POCO M3 review: Scores on style and endurance
POCO may have turned the budget segment loco back in 2018 when it launched the F1, but it’s only off late that the brand has picked up the pace and launched models like the M2, the M2 Pro and the X3, all of which did well to catapult POCO into the third spot in terms of online sales in India. Enter the POCO M3, a phone that may share more than a few similarities with the battery champion Redmi 9 Power, but one that differentiates itself strongly on design. Is that enough of a raison d'être in what is arguably one of the most competitive smartphone segments? Let’s find out.
Design is one of the first elements where corners are cut when phone brands want to price phones lower, and refined design is often used as to differentiate entry-level and mid-range phones in a brand’s portfolio. Colour me surprised when I saw the first looks of the POCO M3, particularly in the brand’s signature Yellow colorway, and even more so when I picked up the staid-by-comparison Power Black variant. Calling the POCO M3 the best-looking phone in the segment wouldn’t be an exaggeration and a lot of it comes down to that striking glass pane around the rear camera housing. The large piano black glass pane sits in stark contrast to the textured, almost leathery finish on that plastic unibody rear, which provides a nice, grippy hand-feel to the M3 without the smudges you’d associate with the typical glossy gradients on similarly priced phones. And of course, if you can rock the Yellow color, that’s the one to get (and likely half the reason to prefer this phone over the competition). The front is a little more familiar – a 6.53-inch 60Hz LCD panel with Gorilla Glass 3 for protection, plus there’s the IR blaster and a side-mounted fingerprint sensor which doubles as a power/wake button. What’s impressive is that the phone weighs in at only 197g – remember, this is a phone that packs in a 6000mAh battery!
Coming in at a shade under 11,000, this is one of the few phones (alongside the Redmi 9 Power) in the segment to sport a full-HD+ display, and the experience has been largely positive. The colors are vibrant, the panel is bright enough for outdoor use (though I did see some issues in direct sunlight) and contrast levels hold up well for content and gaming. Side note: the phone has Widevine L1 support, so you can play 1080p content from Netflix and Prime Video straight out of out of the box. As with the Redmi 9 Power, the inclusion of the stereo speaker setup (and a headphone jack) is a big plus in this segment, and it nicely rounds out the fairly compelling multimedia experience on the M3.
Powering the POCO M3 is Qualcomm’s Snapdragon 662 chipset which, with the 6GB of RAM on both 64GB and 128GB storage variants, does well to handle multitasking and the slight sluggishness one saw on the Redmi 9 Power. You’ll still see a few stutters on heavy apps and rich web content, but the added memory helps keep things humming along nicely for everyday tasks. Clearly, it’s no performance beast and the Snapdragon 662 is showing its age by now, but it compares well to the competition in this price segment. Interestingly, the switch from eMMC type storage to UFS storage helps with app loading faster, but you should know that an extra Rs. 1,000 will get you the 128GB model with the faster UFS 2.2 type storage (as compared to the UFS 2.1 on the base variant). Gaming performance is expectedly average, given the chipset, but you can manage to run most games like Asphalt and Call of Duty Mobile for short sessions without any significant frame drops. On the software side, the POCO M3 runs Xiaomi’s MIUI 12 skin with some POCO optimizations, most notable of which is the absence of advertising peppered all over the interface and system applications. This alone might be the clincher for some to prefer the M3 over the Redmi 9 Power. However, that’s not to say there’s no bloat on the phone, some of which can be uninstalled but not all.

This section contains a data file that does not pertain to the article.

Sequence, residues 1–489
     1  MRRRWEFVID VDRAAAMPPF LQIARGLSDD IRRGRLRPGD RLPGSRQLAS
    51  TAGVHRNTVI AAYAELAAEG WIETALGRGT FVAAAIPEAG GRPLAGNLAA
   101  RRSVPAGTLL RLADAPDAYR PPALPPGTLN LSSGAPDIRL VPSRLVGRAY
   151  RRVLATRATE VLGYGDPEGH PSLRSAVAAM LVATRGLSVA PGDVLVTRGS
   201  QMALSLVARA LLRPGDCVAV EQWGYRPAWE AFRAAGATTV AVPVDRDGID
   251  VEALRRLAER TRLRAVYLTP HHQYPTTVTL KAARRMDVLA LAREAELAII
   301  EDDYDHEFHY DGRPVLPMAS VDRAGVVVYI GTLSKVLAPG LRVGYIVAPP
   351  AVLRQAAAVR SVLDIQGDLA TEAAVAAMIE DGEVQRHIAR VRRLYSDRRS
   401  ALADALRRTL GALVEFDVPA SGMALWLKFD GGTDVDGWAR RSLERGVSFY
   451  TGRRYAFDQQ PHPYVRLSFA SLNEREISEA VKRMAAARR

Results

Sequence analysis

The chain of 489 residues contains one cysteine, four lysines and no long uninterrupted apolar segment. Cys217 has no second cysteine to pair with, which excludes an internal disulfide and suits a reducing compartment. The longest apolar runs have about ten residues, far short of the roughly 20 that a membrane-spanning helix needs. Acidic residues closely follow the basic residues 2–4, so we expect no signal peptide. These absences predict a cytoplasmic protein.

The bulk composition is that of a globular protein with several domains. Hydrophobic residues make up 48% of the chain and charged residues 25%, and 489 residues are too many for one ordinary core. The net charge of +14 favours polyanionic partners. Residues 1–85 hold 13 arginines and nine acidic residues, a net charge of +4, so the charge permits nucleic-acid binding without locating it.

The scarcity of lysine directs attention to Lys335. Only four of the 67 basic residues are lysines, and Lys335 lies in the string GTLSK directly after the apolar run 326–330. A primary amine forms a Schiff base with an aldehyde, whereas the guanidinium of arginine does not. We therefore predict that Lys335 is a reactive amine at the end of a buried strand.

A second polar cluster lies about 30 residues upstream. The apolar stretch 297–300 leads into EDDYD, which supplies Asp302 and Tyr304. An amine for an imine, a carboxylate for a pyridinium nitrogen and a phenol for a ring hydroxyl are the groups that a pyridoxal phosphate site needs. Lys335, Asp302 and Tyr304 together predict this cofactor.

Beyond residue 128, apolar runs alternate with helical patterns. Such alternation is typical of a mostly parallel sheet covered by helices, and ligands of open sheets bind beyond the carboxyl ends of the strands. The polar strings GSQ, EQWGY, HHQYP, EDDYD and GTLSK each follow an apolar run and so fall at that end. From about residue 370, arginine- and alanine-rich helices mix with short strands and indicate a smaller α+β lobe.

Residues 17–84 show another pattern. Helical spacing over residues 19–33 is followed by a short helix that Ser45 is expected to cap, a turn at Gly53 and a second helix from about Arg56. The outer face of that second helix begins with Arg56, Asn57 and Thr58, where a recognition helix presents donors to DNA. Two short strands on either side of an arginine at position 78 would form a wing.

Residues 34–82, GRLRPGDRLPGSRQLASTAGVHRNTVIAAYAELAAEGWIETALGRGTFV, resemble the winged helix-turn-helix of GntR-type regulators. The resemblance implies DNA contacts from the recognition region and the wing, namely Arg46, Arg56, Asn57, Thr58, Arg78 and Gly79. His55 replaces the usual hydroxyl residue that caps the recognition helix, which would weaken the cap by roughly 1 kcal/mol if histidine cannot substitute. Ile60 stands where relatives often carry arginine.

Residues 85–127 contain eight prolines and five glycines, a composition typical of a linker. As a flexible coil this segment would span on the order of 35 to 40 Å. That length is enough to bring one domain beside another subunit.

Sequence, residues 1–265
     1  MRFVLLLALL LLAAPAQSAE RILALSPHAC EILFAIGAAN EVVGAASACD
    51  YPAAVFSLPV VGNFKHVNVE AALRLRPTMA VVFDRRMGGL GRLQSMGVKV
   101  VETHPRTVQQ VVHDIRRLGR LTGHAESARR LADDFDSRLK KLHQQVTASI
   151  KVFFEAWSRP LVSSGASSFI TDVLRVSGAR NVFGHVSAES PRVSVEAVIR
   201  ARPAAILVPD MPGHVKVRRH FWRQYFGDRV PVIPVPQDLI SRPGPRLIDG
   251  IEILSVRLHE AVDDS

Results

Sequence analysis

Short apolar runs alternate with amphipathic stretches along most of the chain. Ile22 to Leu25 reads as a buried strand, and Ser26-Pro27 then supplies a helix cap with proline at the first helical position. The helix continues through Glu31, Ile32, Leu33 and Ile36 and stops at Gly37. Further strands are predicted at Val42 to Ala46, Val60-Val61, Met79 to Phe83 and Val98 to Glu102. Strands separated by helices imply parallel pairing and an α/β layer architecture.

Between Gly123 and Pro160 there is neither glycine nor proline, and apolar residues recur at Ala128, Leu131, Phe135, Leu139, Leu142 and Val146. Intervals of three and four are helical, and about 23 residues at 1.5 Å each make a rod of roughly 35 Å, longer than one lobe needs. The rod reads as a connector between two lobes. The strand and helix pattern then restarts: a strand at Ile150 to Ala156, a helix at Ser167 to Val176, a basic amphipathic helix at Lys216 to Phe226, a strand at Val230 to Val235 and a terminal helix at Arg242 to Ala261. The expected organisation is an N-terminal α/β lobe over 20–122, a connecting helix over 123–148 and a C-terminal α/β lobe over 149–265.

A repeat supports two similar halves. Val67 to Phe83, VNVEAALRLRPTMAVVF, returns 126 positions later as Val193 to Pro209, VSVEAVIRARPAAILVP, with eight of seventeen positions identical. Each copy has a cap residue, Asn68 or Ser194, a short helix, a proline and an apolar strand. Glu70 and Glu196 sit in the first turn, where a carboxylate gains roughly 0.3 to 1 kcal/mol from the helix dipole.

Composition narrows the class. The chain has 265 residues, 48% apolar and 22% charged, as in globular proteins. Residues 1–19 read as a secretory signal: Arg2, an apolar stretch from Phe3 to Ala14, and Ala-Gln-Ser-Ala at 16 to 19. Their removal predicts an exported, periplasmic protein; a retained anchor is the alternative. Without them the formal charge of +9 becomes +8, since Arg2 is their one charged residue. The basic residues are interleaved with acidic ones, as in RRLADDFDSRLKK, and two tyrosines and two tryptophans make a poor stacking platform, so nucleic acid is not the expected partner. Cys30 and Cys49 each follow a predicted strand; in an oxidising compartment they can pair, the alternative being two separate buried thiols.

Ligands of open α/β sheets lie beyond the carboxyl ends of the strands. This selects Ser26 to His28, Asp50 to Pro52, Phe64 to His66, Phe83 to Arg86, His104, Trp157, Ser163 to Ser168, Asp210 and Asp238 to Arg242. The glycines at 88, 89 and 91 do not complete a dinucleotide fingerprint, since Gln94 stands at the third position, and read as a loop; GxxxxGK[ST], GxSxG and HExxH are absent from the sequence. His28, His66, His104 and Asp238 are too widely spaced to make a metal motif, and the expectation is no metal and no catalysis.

With the focus on design and hand-feel, it’s easy to forget this phone still manages to pack in a massive 6000mAh battery. All day use with a fair bit of streaming and some casual games regularly saw me hit around 50-percent by the end of the day, and you can push it to two days of use on a full charge if you’re not big on gaming. You can even use the M3 as an external power bank for your other devices. The 18W charger in the box does take about 2.5 hours to fully charge the M3, so you’re better off with an overnight charging cycle.
The cameras on the M3 are a bit of a mixed bag. The 48MP primary takes good images in good lighting, but it trips up when the lighting is tricky and there are plenty of highlights and shadows in the image. Focusing can be spotty at times as well. Macros with the 2MP sensor are detailed but the resolution is limiting for anything but social media use. The 2MP depth sensor enables good edge detection on portrait shots and does well to recognize people and objects and set the level of blur appropriately. Night shots are noisy and soft on details and you’re going to want to shoot solely in Night Mode to eke out the best from this camera in low-light conditions.
POCO’s come a long way from its Xiaomi origins, and the M3 is an excellent example of the little touches you can make on the base hardware to transform the end product. Class-leading design, great battery life, clean software and an excellent multimedia experience – the POCO checks off these boxes with aplomb. This is an excellent device to get for everyday use, as long as gaming and camera are not your top priorities.
Pros: Unique and eye-catching design, excellent battery life, good stereo speakers, clean UI
Cons: Weak cameras, chipset shows its age, charging takes a while, bloatware
Price: Rs 10,999 for 6GB/64GB onwards
Tushar Kanwar is a tech columnist and commentator, and tweets @2shar